Almost in a daze, the hapless man took the water-bottle proffered by the homeless man.


Did he have a choice?


The car owner carried out the instructions dutifully, never doubting the instructor.


And believe it or not, the engine started.


For the first time ever the car-owner believed in miracles. And the power of faith in the most unlikely of locations!


The relieved man - designer clothes, goggles and all - offered cash.


After all money can buy everything!


Again, he was shocked!


The outcast refused money and returned to his spot on the bridge.


As he started the car, he did not dare look at the junkie.


He felt very small before this poor man forced to live on the bridge---a man with a lost history; alone; abandoned.


Does he remember me?


Hope not.


Only two days before, he had rolled up the window of the car at the same spot, shooing off with cold eyes the bearded and thin man, a man he disdained as scum of the earth. Having the temerity to ask for water from motorists stuck in a snarl.


How dare they ask for water or money? No shame! Parasites!




Such persons should be sent to jail.


He always believed in strong laws against vagrants. Always a threat, such types. Often, they mugged or assaulted citizens, these folks sans any conscience or morality. A permanent danger to civilization. Must be put behind bars for the safety of residents.


He had glowered at the man and gestured violently.


The man had moved away, shaking his head in resignation.


He gave a side glance again at this man.


The latter was back to his little empire and his own world, detached as usual.


More like a stoic!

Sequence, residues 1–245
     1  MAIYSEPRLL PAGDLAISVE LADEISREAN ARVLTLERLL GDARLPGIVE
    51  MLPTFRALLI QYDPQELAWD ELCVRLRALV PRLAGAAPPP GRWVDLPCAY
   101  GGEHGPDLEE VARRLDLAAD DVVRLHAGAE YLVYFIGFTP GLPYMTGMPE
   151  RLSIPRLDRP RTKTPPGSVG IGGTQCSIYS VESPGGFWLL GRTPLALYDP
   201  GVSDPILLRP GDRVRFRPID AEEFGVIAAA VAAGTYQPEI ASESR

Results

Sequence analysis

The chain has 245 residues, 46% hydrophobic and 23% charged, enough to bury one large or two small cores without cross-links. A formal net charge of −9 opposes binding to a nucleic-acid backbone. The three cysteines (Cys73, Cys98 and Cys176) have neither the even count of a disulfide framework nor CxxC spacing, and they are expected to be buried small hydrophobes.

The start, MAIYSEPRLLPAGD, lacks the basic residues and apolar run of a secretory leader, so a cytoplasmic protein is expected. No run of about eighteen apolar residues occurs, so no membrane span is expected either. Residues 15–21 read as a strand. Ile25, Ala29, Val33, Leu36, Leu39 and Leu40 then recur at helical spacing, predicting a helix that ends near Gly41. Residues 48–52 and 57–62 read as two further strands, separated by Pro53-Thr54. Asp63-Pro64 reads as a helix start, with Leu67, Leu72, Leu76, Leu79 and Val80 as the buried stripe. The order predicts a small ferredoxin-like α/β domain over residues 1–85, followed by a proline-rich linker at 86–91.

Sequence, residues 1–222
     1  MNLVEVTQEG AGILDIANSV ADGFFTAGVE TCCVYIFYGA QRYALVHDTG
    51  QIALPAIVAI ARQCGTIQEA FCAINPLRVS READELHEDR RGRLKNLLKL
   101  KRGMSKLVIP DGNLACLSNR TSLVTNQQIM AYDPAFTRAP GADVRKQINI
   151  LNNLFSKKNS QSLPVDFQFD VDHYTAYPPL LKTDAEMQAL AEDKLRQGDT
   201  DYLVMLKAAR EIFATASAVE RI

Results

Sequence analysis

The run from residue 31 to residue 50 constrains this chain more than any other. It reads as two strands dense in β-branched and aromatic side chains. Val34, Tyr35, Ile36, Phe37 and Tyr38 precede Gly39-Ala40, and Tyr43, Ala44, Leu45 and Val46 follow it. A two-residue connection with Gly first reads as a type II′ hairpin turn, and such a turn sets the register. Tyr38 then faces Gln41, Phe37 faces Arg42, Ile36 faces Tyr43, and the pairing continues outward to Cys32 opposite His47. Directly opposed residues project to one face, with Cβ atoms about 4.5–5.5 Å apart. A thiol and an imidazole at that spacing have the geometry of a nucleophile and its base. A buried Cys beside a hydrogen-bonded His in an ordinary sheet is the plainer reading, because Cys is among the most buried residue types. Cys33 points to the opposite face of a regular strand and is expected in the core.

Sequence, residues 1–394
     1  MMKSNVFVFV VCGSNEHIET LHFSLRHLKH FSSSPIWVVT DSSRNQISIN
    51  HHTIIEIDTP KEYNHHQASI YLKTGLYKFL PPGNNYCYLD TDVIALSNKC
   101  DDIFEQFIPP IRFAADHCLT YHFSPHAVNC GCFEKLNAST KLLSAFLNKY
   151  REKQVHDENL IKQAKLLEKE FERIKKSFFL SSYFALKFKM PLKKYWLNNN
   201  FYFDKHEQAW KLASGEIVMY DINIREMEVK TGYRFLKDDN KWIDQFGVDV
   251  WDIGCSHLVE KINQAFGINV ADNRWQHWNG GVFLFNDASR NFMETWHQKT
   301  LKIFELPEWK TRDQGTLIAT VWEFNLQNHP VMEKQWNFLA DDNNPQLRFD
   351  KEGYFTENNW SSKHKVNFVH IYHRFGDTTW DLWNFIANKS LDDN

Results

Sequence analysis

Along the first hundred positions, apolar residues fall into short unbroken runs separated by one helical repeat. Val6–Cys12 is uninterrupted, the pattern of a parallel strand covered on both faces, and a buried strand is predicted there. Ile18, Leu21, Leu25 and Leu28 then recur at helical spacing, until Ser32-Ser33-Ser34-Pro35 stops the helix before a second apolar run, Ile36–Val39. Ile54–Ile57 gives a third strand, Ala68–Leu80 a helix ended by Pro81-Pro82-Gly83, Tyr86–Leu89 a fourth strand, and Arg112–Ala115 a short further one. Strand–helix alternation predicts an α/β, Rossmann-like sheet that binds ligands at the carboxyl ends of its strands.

The junkie sat nonchalantly under the shade of a spreading tree, on a soiled newspaper, watching the flow, yet not seeing; tapping an empty water-bottle in a gnarled hand, lips pursed, torn T-shirt, almost invisible, on a hot and humid afternoon, ordinary like every afternoon, yet suddenly so extraordinary, taking on new meanings for him!


He smiled, this businessman, at the vagrant.


The latter waved back, eyes becoming alive, animated.


The car moved away swiftly.


The businessman, becoming occupied with other things and meetings of the day that required strategies and plans of other kind in competitive market…



Sunil Sharma from India, is a senior academic, poet, literary interviewer, editor, translator, essayist and fiction writer. He has published six collections of poetry, two collections of short fiction, one novel, a study of the novel and co-edited eight books so far. His six short stories and the novel Minotaur were sometime back prescribed for the undergraduate classes under the Post-colonial Studies, Clayton University, Georgia, USA. He is a recipient of the UK-based Destiny Poets’ inaugural Poet of the Year award, 2012 and other awards for literary contribution. In 2015, his poems were published in the UN project: Happiness,The Delight-Tree. Sunil Sharma edits the online bilingual journal Setu published monthly from Pittsburgh, USA. An English teacher with more than 23 years of degree-college teaching experience that includes administrative one (as vice-principal and then as a tenured principal); freelance journalist with 15 years experience writing for the supplements of the Times of India, Mumbai, India.